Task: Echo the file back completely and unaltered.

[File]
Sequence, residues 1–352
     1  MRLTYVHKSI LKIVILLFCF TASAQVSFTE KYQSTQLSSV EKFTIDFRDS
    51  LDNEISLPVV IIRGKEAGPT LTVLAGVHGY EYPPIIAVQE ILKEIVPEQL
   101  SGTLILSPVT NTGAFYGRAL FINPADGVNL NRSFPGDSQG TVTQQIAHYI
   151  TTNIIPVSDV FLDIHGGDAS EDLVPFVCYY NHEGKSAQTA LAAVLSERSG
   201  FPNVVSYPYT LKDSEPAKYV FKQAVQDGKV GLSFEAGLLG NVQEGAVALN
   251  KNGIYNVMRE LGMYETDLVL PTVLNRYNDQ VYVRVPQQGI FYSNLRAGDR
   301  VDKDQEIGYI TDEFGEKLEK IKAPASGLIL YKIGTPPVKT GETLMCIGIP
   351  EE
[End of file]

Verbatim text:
Sequence, residues 1–352
     1  MRLTYVHKSI LKIVILLFCF TASAQVSFTE KYQSTQLSSV EKFTIDFRDS
    51  LDNEISLPVV IIRGKEAGPT LTVLAGVHGY EYPPIIAVQE ILKEIVPEQL
   101  SGTLILSPVT NTGAFYGRAL FINPADGVNL NRSFPGDSQG TVTQQIAHYI
   151  TTNIIPVSDV FLDIHGGDAS EDLVPFVCYY NHEGKSAQTA LAAVLSERSG
   201  FPNVVSYPYT LKDSEPAKYV FKQAVQDGKV GLSFEAGLLG NVQEGAVALN
   251  KNGIYNVMRE LGMYETDLVL PTVLNRYNDQ VYVRVPQQGI FYSNLRAGDR
   301  VDKDQEIGYI TDEFGEKLEK IKAPASGLIL YKIGTPPVKT GETLMCIGIP
   351  EE